27 November 2017 | News
The team has created the microscopic data recorder by taking advantage of CRISPR-Cas system in bacteria.
Image credit- news.mit.edu
A group of researchers from Columbia University Medical Center in the US have converted a natural bacterial immune system into the world’s smallest data recorder, laying the groundwork for a new class of technologies that use bacterial cells for everything from disease diagnosis to environmental monitoring.
The researchers modified an ordinary laboratory strain E coli, enabling the bacteria to not only record their interactions with the environment but also time-stamp the events. Such bacteria, swallowed by a patient, might be able to record the changes they experience through the whole digestive tract, yielding an unprecedented view of previously inaccessible phenomena.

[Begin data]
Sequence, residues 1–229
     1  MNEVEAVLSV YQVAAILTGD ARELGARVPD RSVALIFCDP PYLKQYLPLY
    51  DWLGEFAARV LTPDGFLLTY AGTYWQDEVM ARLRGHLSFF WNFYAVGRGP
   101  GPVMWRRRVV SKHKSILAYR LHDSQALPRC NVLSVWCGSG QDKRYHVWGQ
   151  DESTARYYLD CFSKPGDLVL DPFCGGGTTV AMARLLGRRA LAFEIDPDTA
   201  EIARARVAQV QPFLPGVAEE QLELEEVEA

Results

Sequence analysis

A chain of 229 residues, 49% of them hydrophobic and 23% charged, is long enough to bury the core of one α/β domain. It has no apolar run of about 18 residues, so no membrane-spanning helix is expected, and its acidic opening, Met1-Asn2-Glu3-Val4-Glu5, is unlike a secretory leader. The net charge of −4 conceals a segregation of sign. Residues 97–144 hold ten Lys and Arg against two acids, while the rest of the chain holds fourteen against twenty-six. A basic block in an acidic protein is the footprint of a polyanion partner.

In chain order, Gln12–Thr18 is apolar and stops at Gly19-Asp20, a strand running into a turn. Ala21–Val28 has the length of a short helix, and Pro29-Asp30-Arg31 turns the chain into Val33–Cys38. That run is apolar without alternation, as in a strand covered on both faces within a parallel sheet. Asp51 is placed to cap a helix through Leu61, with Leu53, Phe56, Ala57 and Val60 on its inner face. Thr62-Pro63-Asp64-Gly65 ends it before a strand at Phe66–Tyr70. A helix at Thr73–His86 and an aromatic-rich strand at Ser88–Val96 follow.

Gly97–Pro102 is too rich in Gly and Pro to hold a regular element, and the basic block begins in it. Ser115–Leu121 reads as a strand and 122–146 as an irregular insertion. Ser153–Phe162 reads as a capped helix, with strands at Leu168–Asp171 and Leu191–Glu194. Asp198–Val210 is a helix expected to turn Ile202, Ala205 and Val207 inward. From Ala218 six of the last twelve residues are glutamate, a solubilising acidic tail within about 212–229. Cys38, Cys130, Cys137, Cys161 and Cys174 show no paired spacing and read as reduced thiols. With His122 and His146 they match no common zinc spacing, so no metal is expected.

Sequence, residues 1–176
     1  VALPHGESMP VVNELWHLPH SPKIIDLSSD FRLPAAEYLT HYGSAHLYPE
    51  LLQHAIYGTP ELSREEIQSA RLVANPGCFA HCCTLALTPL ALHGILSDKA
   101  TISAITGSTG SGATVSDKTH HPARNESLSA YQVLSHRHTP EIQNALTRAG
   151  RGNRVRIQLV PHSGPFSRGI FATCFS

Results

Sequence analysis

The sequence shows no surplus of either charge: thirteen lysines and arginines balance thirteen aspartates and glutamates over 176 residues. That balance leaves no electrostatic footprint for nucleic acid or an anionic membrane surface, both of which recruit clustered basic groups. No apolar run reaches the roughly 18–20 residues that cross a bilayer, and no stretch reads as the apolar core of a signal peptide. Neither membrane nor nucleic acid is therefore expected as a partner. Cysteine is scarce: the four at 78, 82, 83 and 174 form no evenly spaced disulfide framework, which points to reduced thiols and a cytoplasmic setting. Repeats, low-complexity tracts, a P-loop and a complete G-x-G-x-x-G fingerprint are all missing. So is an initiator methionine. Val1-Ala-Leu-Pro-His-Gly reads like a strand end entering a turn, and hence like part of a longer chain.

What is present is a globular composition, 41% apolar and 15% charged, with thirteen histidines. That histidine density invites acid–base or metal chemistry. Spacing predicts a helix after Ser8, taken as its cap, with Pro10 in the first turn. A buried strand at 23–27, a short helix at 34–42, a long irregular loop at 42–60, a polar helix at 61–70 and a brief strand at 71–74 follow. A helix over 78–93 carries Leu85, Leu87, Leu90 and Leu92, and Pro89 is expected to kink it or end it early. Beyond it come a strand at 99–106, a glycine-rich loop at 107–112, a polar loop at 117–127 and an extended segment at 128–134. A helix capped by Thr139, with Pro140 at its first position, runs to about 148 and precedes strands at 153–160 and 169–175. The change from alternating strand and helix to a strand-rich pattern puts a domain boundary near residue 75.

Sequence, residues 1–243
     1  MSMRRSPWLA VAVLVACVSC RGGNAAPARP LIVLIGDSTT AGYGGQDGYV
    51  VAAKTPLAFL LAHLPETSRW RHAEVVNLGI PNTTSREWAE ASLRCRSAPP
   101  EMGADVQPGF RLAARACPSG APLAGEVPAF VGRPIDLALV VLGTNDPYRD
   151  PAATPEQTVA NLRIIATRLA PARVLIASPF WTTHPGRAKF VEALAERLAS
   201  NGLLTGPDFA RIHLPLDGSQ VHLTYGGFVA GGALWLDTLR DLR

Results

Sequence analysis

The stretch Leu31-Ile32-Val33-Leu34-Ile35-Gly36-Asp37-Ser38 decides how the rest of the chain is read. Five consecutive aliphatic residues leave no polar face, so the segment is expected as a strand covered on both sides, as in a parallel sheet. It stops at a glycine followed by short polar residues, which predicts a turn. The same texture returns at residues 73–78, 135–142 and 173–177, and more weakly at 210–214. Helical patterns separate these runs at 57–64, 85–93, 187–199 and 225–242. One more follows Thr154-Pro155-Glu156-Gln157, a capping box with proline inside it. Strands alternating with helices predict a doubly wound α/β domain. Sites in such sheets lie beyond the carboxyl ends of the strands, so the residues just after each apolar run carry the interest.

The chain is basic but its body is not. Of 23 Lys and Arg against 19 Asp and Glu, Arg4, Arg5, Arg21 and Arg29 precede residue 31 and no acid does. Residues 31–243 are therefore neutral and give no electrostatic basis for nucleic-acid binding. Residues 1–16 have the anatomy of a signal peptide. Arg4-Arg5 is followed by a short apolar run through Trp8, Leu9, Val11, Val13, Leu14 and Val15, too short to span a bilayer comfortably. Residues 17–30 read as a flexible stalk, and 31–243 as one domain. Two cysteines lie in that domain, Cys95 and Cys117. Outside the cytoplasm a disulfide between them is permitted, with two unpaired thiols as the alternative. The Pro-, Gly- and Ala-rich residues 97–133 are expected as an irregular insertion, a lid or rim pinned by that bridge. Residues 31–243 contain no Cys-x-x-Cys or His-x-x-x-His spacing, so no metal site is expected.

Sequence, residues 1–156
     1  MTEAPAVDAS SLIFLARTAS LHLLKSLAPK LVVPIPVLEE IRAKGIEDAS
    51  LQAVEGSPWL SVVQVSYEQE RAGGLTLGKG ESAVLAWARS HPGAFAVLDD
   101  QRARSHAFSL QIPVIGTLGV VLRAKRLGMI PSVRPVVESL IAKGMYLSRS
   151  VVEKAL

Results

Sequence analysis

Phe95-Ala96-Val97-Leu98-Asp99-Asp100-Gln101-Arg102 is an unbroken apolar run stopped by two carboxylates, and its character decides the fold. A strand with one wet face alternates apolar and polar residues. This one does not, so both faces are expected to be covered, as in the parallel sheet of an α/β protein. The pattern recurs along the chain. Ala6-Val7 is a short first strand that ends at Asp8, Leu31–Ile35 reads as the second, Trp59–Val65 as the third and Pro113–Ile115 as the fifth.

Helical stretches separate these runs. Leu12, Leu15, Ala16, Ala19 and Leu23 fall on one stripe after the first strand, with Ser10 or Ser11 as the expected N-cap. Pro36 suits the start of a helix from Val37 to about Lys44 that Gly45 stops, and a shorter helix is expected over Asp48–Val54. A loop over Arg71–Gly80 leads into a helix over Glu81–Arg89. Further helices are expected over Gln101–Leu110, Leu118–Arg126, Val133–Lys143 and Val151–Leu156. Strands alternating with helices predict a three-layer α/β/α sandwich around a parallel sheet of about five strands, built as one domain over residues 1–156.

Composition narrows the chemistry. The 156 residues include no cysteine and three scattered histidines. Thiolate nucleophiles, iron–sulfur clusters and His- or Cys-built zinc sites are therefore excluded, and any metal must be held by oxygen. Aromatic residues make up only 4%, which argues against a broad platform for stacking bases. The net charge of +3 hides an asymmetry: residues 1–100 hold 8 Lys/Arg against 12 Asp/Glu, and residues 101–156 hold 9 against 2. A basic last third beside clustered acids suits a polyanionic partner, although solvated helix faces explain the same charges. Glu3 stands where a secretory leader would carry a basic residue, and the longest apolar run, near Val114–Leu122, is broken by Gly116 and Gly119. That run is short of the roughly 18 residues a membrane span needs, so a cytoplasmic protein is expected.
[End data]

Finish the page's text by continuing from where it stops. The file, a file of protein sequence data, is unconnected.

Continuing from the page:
The team has created the microscopic data recorder by taking advantage of CRISPR-Cas system in bacteria. To build their microscopic recorder, the researchers modified a piece of DNA called a plasmid, giving it the ability to create more copies of itself in the bacterial cell in response to an external signal.
Now the researchers are planning to look at various markers that might be altered under changes in natural or disease states, in the gastrointestinal system or elsewhere.